MAILED: Aug. 28, 1997|
EAU CLAIRE -- University of Wisconsin-Eau Claire students and faculty, as well as Eau Claire area community members, will have the opportunity to meet a true Renaissance man when Alfred Bader visits the campus Sept. 10-12.
Bader is the founder of Milwaukee's Aldrich Chemical Co., and a world-renowned collector of Old Dutch paintings. His enthusiasm for chemistry and his passion for art have made him a favorite lecturer around the world.
While at UW-Eau Claire, Bader will present a lecture from 11 a.m. to 12:15 p.m. Sept. 11 to an art history class. The lecture is titled "The Joy of Collecting Old Masters."
From 1:30 to 3 p.m. Sept. 11, Bader will meet with College of Business students to discuss the Aldrich Chemical Co.
From 7:30 to 8:30 p.m., Bader will give a public lecture titled "The Rembrandt Research Project." The lecture will be in Phillips Recital Hall of the Fine Arts Center.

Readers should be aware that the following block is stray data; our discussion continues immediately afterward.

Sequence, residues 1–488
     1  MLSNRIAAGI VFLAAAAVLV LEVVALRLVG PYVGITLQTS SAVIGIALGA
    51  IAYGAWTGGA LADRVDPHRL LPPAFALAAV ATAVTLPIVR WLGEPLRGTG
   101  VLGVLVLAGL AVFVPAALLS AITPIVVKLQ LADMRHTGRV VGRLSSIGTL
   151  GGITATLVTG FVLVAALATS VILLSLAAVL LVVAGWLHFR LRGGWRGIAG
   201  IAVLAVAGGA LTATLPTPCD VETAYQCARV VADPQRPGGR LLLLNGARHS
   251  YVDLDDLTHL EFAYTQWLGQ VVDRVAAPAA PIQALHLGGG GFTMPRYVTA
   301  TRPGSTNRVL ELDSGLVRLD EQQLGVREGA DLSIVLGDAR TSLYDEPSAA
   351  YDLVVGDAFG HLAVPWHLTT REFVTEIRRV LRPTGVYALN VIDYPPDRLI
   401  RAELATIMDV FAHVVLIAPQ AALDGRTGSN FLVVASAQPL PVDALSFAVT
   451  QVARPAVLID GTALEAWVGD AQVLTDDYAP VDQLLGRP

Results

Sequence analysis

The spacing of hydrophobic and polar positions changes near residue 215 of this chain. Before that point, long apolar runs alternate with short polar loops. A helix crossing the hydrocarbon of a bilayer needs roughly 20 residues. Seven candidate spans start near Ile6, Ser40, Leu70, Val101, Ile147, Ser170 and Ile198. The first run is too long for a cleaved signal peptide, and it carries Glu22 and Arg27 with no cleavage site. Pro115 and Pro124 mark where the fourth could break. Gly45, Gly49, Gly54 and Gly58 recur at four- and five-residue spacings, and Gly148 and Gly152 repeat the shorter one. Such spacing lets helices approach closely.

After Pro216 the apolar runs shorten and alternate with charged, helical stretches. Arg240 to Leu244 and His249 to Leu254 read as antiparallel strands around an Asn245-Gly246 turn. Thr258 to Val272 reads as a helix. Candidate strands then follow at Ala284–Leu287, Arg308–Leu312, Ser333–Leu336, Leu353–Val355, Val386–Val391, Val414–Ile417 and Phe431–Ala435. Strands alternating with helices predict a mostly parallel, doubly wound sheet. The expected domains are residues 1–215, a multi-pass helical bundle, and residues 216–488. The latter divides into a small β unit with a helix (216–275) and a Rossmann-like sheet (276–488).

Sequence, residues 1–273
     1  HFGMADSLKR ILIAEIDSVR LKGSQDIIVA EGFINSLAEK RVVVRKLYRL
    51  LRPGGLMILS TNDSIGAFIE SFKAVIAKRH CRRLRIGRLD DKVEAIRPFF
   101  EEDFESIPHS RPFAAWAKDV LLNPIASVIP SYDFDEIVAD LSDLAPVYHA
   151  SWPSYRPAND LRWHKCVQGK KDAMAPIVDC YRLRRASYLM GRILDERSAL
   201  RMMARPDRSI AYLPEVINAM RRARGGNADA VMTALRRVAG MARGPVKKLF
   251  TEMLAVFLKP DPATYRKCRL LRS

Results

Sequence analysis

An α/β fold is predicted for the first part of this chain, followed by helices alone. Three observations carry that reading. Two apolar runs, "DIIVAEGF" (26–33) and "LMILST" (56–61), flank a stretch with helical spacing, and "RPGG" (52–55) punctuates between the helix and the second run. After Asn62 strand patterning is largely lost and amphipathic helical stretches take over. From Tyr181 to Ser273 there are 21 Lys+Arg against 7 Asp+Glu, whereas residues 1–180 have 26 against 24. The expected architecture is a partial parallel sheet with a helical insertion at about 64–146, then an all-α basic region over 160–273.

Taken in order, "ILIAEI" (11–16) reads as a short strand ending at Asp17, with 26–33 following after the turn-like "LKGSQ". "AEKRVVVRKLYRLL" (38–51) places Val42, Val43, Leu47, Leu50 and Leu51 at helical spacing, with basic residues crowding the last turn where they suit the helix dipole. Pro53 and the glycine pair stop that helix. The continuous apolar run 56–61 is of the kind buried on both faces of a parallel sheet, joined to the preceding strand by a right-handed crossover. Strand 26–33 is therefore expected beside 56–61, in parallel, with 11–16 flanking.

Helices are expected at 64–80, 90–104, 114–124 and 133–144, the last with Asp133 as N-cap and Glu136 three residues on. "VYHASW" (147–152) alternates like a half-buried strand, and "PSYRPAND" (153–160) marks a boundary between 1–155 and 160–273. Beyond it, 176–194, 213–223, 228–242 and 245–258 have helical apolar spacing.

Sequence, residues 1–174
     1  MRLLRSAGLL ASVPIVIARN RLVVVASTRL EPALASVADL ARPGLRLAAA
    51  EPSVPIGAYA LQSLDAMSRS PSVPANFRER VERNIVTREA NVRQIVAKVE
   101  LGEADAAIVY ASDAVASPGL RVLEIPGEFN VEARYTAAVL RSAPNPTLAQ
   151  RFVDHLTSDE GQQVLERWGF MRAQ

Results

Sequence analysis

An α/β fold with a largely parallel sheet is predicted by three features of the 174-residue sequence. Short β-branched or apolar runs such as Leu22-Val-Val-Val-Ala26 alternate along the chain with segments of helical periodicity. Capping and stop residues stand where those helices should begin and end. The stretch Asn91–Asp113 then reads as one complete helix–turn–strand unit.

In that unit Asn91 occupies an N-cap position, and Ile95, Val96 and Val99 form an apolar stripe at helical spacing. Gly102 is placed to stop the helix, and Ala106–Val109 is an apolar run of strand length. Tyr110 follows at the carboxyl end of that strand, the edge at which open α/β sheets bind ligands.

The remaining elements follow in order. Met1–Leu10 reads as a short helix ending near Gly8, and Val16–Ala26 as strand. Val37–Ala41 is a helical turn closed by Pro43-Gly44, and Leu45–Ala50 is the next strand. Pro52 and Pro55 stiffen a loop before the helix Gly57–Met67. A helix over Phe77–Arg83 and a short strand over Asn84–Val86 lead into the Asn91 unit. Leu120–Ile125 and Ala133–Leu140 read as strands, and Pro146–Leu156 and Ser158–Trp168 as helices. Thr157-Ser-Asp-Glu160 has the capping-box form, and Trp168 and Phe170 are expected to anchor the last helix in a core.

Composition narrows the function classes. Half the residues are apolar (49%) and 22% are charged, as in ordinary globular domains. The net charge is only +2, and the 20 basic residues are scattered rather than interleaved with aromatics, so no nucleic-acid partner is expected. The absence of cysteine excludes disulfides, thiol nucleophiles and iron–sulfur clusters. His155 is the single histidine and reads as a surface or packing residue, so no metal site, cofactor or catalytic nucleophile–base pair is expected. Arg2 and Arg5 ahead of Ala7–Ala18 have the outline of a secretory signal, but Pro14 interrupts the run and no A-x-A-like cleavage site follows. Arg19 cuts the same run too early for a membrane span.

The Rembrandt Research Project (RRP), made up of eminent Rembrandt scholars, examines paintings around the world attributed to Rembrandt. The group has seen all the works supposedly painted by the artist between his earliest days in Leiden in the 1620s and the painting of "The Night Watch" in Amsterdam in 1642. The RRP gives paintings examined an A, B or C rating - A for accepted, B for in doubt, and C for not by Rembrandt. During the years, the scholars have changed their minds on some of the paintings, transferring some A ratings into the C category and at least one C rating into the A category.
A reception and book signing session will follow the public lecture from 8:30 to 9:15 p.m. Sept. 11 in the Fine Arts Center. Bader's autobiography, "Adventures of a Chemist Collector," was published in 1995.
At 10 a.m. Sept. 12, Bader will visit the department of chemistry and deliver a talk titled "A Chemist Detective at Work."
Bader's connection to UW-Eau Claire began in 1982 when Aldrich Chemical presented chemistry professor Leo Ochrymowycz with the Distinguished Teacher-Scholar Award. Bader also helped fund the first student research assistantships in the chemistry department that year and in 1984 created the Leo Ochrymowycz Scholarship Fund for chemistry students.
Janice B. Wisner
UW-Eau Claire News Bureau
Updated: Aug. 29, 1997